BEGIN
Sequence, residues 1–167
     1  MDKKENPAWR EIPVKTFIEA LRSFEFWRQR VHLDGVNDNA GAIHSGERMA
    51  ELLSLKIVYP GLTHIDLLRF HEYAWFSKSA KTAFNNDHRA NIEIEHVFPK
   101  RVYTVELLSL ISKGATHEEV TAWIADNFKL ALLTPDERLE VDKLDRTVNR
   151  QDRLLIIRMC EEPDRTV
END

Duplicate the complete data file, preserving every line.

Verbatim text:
Sequence, residues 1–167
     1  MDKKENPAWR EIPVKTFIEA LRSFEFWRQR VHLDGVNDNA GAIHSGERMA
    51  ELLSLKIVYP GLTHIDLLRF HEYAWFSKSA KTAFNNDHRA NIEIEHVFPK
   101  RVYTVELLSL ISKGATHEEV TAWIADNFKL ALLTPDERLE VDKLDRTVNR
   151  QDRLLIIRMC EEPDRTV